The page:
By Mathew Rodriguez From TheBody.com
HIV, the virus that causes AIDS, is a virus without an agenda — anyone can contract it, and we are all on what medical professionals call the “continuum of risk.” Unless you’re talking about abstinence or masturbation, almost every sexual act falls somewhere on the risk continuum; and belonging to some social, ethnic and economic groups puts people at higher risk for HIV. At the nexus of many contributing factors (economic disempowerment, homophobia, racism, stigma, inadequate school systems and criminalization) are young gay men of color, a group considered by many in the HIV community to be facing “AIDS 2.0” — a second epidemic.
As we enter the fourth decade in a world that includes HIV, and as our tools to fight HIV in those who are infected become more fine-tuned, many organizations and advocacy groups are turning their attention to what some are calling the “fourth wave” of HIV activism: widespread prevention advocacy.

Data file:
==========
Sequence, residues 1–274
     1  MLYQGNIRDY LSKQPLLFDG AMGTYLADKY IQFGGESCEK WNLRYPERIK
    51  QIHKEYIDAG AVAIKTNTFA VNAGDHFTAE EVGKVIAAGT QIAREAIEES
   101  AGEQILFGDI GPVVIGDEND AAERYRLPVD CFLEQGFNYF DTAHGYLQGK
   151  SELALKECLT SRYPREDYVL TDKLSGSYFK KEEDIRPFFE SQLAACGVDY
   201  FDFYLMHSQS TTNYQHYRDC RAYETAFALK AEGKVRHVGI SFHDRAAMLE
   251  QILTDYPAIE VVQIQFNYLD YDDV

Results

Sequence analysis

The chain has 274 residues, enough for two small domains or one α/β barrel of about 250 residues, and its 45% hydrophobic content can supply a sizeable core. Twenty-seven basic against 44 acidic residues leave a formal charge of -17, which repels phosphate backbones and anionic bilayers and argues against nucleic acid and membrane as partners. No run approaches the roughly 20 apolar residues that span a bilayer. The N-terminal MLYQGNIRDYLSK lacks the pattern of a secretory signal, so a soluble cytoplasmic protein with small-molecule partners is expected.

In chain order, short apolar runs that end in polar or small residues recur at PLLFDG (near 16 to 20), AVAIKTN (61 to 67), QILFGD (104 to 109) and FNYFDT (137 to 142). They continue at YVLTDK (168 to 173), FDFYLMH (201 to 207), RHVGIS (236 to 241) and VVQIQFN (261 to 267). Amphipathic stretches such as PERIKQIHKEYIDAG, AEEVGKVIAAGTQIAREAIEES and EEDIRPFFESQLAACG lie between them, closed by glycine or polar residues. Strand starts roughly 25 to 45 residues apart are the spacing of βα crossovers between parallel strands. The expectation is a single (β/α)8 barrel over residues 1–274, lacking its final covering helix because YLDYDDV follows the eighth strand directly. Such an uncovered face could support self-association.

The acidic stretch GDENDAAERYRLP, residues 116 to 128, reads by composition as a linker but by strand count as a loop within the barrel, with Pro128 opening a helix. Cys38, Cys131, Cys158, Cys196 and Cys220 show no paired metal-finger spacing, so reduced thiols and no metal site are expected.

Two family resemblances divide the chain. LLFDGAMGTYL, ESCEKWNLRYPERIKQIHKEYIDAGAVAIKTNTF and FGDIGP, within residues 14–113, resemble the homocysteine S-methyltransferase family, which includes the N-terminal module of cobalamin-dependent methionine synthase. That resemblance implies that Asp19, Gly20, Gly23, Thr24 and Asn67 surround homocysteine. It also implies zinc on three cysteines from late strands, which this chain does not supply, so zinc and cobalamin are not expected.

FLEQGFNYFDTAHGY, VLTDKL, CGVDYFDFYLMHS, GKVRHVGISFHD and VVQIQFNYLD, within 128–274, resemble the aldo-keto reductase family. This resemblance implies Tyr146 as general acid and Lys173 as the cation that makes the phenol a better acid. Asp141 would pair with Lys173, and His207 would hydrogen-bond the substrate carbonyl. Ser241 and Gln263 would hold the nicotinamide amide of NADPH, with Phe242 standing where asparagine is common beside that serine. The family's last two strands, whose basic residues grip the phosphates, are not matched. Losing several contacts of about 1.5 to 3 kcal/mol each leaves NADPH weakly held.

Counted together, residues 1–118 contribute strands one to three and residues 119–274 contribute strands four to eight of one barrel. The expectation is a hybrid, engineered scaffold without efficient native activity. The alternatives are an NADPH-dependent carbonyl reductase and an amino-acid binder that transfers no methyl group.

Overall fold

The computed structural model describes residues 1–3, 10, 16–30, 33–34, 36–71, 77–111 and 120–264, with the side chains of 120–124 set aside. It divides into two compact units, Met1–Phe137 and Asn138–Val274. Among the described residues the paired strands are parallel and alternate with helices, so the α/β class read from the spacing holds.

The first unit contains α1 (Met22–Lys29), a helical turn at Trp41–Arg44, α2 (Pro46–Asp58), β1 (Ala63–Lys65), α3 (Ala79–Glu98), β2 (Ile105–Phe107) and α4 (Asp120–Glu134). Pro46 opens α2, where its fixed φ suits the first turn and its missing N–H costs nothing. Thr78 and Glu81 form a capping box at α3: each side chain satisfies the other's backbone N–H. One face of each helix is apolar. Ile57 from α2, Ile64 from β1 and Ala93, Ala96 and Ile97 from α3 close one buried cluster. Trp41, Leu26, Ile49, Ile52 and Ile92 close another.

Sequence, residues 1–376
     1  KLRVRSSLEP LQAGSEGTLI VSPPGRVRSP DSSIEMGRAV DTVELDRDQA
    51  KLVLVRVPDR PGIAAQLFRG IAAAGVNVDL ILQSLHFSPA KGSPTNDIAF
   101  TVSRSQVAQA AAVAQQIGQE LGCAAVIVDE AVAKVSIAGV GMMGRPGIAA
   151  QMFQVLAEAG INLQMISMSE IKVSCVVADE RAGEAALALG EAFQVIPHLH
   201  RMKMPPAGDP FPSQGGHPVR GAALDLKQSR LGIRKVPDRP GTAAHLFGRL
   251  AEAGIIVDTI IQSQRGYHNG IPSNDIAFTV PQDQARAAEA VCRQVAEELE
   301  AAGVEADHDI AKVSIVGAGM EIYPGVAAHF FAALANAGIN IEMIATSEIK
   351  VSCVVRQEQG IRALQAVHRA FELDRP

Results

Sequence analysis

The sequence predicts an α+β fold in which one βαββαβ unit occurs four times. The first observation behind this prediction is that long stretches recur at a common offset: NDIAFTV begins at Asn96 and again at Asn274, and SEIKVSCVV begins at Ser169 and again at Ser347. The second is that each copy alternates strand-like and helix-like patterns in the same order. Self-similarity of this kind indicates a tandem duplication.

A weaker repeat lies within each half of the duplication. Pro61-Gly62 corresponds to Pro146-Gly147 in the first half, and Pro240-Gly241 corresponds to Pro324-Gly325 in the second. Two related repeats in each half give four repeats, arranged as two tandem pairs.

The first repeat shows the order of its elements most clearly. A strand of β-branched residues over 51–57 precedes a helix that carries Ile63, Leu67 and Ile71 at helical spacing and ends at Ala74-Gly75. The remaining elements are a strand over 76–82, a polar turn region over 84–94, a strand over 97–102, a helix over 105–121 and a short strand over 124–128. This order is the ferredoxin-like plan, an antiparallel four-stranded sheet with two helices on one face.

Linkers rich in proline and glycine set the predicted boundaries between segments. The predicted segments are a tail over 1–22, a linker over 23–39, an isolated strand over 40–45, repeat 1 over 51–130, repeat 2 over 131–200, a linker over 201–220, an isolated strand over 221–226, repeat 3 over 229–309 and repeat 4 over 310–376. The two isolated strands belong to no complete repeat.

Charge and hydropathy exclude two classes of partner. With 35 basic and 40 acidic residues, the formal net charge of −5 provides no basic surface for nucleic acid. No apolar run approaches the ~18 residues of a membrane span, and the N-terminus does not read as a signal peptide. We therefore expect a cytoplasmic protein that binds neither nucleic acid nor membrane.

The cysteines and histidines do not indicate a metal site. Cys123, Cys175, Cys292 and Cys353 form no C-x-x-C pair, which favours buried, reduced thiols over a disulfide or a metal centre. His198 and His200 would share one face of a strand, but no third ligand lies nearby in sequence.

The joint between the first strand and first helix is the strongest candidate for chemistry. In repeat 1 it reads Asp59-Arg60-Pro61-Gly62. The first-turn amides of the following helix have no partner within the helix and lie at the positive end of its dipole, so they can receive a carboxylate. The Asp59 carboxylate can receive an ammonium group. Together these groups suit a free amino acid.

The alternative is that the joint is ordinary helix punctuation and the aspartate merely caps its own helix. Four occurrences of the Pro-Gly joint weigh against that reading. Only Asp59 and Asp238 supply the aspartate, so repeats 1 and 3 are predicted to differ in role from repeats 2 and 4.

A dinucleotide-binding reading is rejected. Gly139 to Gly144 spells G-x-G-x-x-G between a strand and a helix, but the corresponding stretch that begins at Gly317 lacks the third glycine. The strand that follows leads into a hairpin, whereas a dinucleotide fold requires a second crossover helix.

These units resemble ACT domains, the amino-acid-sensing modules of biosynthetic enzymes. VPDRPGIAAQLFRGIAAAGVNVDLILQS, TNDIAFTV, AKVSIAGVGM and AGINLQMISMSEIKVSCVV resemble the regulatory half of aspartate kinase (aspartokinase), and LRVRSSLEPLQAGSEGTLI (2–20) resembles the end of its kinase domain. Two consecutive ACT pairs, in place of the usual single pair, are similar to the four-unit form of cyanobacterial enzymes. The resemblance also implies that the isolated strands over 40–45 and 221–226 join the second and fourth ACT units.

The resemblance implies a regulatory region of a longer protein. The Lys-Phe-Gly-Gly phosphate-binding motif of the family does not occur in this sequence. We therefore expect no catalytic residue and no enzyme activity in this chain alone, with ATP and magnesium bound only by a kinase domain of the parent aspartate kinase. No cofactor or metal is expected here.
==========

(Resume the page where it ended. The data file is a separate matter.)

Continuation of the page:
Attendees at this year’s Gay Pride March in New York City saw the AIDS Coalition to Unleash Power (ACT UP) declare an “HIV emergency” in the city. ACT UP cited projections based on statistics from the U.S. Centers for Disease Control and Prevention (CDC) estimating that more than half of young gay men and transgender women may be HIV positive by age 50 if trends persist. Members aboard a float shouted “1 in 2, could be you!” to onlookers. The Treatment Action Group (TAG) — which began years ago as a working group in ACT UP, and is one of the most recognizable names in advocacy for people living with HIV — has even turned its attention to prevention, realizing its essential role in ending HIV globally. Jeremiah Johnson is TAG’s inaugural HIV prevention research and policy coordinator, ushering in a new era of focus for the organization. Johnson, less than a quarter of a year into his new role, is aware of the challenges that lie ahead in advocating for those who are negative. “It’s going to be a very different beast, because there is a different set of community stakeholders in the U.S. that needs to be brought together to talk about this problem,” he said.